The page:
8 Critical Tips for Tourism in the Age of Terrorism

8 Critical Tips for Tourism in the Age of Terrorism

Here's what you need to know if your plans include Paris, Nice, Istanbul, or any potential terrorism target.

By Aly Walansky

Picture it: You have planned a beautiful trip to the South of France. You plan to spend a week on the stunning beaches of the French Riviera, drinking too much wine and bragging endlessly about every moment of it on social media.

And then, something horrific happens. Just a week before you go, there’s a gruesome terrorist attack in Nice. You watch the news in stunned silence, heart breaking for the victims, and then a thought enters the back of your mind.

You will be there next week. Is it too dangerous to go? Should you cancel?

This very scenario actually happened, and it’s happening to many people traveling all over the world for all sorts of reasons, to all sorts of destinations more and more lately. In the age of a rampant increase in terrorism, is tourism still safe?

“Statistically speaking, there is a very low probability of tourists becoming victims of a terrorist attack,” says Salvatore Grasso, a Security Consultant at SICURO Consulting, a company specialized in using complex security analysis to provide businesses, international organizations, and government agencies with proactive strategies to manage corporate security risks.

Phew! So, why do so many advisories contain “do not travel” and “very high risk” alerts every time there’s an attack, or even the warning of a potential risk?

“The problem comes down to the practice of security risk assessment, when we consider the probability of a threat against the consequences of it eventuating. The core issue is that probability is normally based on the frequency of attacks occurring in a given place (which are generally very low). However, because the consequences of terrorism are always high, the risk rating is increased significantly and often disproportionately,” says Grass.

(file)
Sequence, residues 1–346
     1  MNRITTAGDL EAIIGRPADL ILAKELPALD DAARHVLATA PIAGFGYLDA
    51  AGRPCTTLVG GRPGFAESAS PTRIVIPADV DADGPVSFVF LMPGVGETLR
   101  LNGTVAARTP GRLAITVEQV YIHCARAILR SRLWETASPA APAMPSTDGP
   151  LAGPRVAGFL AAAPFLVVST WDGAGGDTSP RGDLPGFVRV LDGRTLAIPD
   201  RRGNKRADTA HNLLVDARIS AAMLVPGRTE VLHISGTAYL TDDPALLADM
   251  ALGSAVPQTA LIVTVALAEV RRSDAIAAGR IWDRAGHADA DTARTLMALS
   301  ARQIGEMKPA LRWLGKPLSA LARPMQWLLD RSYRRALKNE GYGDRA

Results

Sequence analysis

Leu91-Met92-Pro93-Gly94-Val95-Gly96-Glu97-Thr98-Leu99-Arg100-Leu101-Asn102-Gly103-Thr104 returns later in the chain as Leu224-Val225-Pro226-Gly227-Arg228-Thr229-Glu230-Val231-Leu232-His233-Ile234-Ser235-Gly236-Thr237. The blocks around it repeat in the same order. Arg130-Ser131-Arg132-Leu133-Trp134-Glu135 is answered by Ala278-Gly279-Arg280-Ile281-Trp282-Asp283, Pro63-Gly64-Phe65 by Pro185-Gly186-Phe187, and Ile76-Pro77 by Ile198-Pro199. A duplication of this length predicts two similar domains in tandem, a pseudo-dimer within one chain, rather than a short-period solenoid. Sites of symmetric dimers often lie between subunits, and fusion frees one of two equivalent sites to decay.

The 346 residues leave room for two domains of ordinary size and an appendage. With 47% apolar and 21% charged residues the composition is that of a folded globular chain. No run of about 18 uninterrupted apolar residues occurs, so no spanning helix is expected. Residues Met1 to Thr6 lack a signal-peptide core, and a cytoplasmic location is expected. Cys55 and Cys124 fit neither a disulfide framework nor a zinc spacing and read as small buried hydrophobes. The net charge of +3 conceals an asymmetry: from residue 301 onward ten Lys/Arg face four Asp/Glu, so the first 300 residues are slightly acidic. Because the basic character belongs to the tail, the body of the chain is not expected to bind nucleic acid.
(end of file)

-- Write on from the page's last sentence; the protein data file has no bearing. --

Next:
But yet even knowing that, terrorism does have a direct relationship with the tourism highs and lows an area sees. “Among the principal purposes of terrorism is to induce terror. It is designed to draw widespread media attention and cause insecurity and panic — and it is very effective at doing so,” says Grasso. “On January 12, 2016, a suicide attack in Istanbul killed thirteen people; in February 2016 it was reported that Turkey saw a 10 percent drop in tourism compared to the same time in the year prior, and Turkey’s tourism revenue is predicted to fall by approximately €10.7 billion in 2016,” says Grasso.

Another example: “On November 13, 2015, a series of coordinated attacks occurred in Paris; in the week after the attacks flight bookings fell by 27 percent, the occupancy rate in hotels fell by approximately 23 percent, and in the month after, and hotel revenues were down by approximately €270 million compared to the same time in year before,” says Grasso.

And yet another: “In June 2015 gunmen opened fire at holidays makers in Sousse, Tunisia, killing 38 people, 30 of these British. In the days after, 3,500 British tourists left Tunisia, there were over 3,000 holiday cancellations, and reservations fell by 60 percent. The point is, terrorism serves its purpose.”

Indeed. But then what are we all to do? Here's what:

1. Get insurance.

A little-known truth is that many travel insurance policies include terrorism coverage. This means, if a terrorist attack occurs at your destination before your trip, you may be covered to cancel and receive reimbursement of your trip costs. “You must have purchased the travel insurance policy before the attack occurred to be covered to cancel because of it,” explains Rachael Taft, a spokesperson for leading travel insurance comparison site Squaremouth

Policies do have specific requirements of when you can cancel due a terrorist attack. Taft says typically these include: “The attack has to be declared terrorism by the U.S. Department of State, the attack occurred in or near a city on your itinerary, or the attack occurred close to your departure date (usually within seven to 30 days). Some policies won't cover you to cancel because of a terrorist attack if a previous attack had occurred in the same city within the past 30 to 90 days,” says Taft.